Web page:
French president Emmanuel Macron wants “progressive” water pricing that rewards responsible use and punishes waste.
It came as he set out a plan to cut consumption and better manage water to counter the impacts of climate change.
After a record winter dry period, a dozen French departments are on drought alert. Parts of a further two - Bouches-du-Rhône (the department that includes Marseille) and neighbouring Var - are considered at crisis levels.
"The objective of the [water] plan must be to guarantee all French people access to quality drinking water for essential needs," he said, adding that "this does not mean that the price of water will increase”.
“Progressive” water pricing is already being used in some parts of the country, according to the newspaper Liberation, but Macron now wants to generalise it.
France’s president also said he wanted to:
- Move from using 1% of wastewater today to 10% by 2030
- Introduce a tool that would enable people to monitor water consumption levels in their regions
- Invest €180 million to tackle water leaks across France
- Produce a plan to reduce water consumption by 10% “in all sectors” by 2030
- Give water agencies an extra €500 million to help achieve the above objectives
Macron went on to say that, despite this water plan, he fears there will still be “situations of great stress” regarding drought this summer.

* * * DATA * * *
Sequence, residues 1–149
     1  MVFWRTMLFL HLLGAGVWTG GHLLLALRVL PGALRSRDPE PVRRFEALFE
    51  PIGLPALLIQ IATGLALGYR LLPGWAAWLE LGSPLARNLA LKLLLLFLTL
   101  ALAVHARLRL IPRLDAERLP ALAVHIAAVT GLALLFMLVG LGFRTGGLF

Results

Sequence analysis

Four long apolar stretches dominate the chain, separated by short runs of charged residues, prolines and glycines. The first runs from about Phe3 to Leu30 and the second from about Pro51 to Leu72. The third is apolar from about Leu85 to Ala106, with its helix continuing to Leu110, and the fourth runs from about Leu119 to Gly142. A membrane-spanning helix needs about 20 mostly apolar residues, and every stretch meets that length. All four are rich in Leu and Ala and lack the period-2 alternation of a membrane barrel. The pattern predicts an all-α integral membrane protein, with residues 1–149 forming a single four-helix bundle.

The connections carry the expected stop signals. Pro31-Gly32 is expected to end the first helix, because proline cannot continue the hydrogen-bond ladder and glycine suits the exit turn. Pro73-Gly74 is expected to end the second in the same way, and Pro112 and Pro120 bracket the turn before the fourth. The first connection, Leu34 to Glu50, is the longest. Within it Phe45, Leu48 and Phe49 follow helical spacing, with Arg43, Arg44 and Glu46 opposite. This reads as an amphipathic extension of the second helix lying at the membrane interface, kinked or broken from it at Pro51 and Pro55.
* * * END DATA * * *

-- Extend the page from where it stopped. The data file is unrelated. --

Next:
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Drought in two French departments at crisis level
The drought is at crisis levels in nineteen communes in the southern French department of Bouches-du-Rhône and two in Var, according to government water site Propluvia, who published new data on Thursday.
A dozen French departments are on ‘alert’ or ‘reinforced alert’ for all or part of their area.
The ‘alert’ or ‘reinforced alert’ level means that farmers are limited to the amount of water they can use (must reduce by 20%) while local authorities and homeowners are also limited on the water they can use for gardens, green spaces, or golf courses.
The ‘crisis’ level means that departments must stop any non-priority water use, including for farming. Only priority use is allowed, including for health, hygiene, security, and drinking reasons. Only fields used to grow food can be watered, between the hours of 20:00 and 07:00. Filling swimming pools is banned.
The Var department has even taken more drastic, long-term measures, including imposing a freeze on all new building permits over the next five years, due to a lack of water.
Read more: How bad is the drought in France? See restrictions in your department
It comes after geological research authority le Bureau des recherches géologiques et minières (BRGM) said on March 1 that 80% of the groundwater tables in France were at “moderately low or very low” levels.
The BRGM said that the country was entering “major uncertainty”, and that water trends would “depend on rainfall”. It said: “It is difficult to see how [water] stocks will be replaced by Spring, given the very low groundwater levels”.
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